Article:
Inching Toward an Understanding

C. elegans is a roundworm being used in correlational research to observe gene expression in humans

By: Kristen Kocher

Humans and worms are more alike than you may realize. According to a genetic researcher at the University of Toronto, Dr. Andrew Fraser, the worm (C. elegans) is his preferred specimen for genomic studies. “I think worms are totally cool, like humans only simpler and easier,” Fraser comments. It is important to understand that we are not only in the same phylogenetic domain (Eukarya) and kingdom (Animalia) as worms, but between us we share nearly 10,000 comparable genes. This makes worms like C. elegans an excellent vehicle for understanding human genetics and genetic disease without actually studying or experimenting on human beings.

With a genome a little less than half the size of that of humans, it is easier for geneticists to perform certain research techniques that would be very difficult to perform on humans. One such technique is known as RNA interference (RNAi), which shuts down one gene at a time and allows researchers to observe and catalogue specific gene function and possible interactions with other genes. Discovered by Andrew Fire and Craig C. Mello, RNAi is a very effective method of “gene silencing” and is found naturally in worms. Scientists have been able to harness this innate phenomenon and use it to their advantage in understanding the way similar genes between worms and humans function. Geneticists face the challenge of understanding how genes in any organism are expressed phenotypically. Phenotype is the “final outward expression” of an organism’s genetic makeup. In worms, however, it is slightly easier to observe the expression of certain genes when RNAi is occuring because of their drastically simpler genome.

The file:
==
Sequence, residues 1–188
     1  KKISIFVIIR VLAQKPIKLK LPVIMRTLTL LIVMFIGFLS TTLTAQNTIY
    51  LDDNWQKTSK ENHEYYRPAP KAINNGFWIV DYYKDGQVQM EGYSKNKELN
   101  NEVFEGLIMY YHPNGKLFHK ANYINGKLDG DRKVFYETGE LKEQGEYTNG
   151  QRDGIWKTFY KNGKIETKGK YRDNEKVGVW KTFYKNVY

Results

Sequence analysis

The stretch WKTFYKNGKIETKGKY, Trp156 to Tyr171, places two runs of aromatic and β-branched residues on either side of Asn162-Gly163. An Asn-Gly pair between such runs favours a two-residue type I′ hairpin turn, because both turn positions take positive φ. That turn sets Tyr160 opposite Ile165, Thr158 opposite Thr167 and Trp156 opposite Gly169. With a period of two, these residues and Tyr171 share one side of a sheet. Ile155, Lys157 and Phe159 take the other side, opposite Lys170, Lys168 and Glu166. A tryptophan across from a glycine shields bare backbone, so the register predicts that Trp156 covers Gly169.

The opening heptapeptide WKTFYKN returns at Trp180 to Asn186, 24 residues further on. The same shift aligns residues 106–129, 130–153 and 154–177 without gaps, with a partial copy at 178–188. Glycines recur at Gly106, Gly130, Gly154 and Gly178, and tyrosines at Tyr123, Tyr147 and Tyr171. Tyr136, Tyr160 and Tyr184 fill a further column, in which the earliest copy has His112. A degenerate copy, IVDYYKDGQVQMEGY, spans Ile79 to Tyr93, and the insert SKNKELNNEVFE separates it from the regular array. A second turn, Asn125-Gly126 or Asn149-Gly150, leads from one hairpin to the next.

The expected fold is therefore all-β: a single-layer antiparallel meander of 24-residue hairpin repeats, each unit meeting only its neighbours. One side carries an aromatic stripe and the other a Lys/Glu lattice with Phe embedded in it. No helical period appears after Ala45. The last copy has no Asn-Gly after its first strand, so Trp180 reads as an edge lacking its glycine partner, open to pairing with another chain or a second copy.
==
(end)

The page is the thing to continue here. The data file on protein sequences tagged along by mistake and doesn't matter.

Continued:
Fraser suggests that his research with worms will aid in predicting “the effects of inherited mutations and to understand how multiple mutations combine to be expressed phenotypically.” This work will further help in understanding how inherited mutations cause health problems in humans. Fraser makes a point of noting that humans do not exist in a controlled environment like the worms being studied in his lab. To account for this, Fraser has decided to also isolate worms from certain natural environments exposed to different conditions, providing an interesting insight as to how certain environmental factors contribute to mutations within a population.

Dr. Fraser is conducting keystone research that will hopefully provide a foundation for other types of genomic research. At the annual AAAS conference this year, Fraser will explain his research and the use of C. elegans to provide interesting conclusions as to both individual and population genetics and genetic disease for not only humans, but numerous other species within the kingdom Animalia.

Check out the original Press Release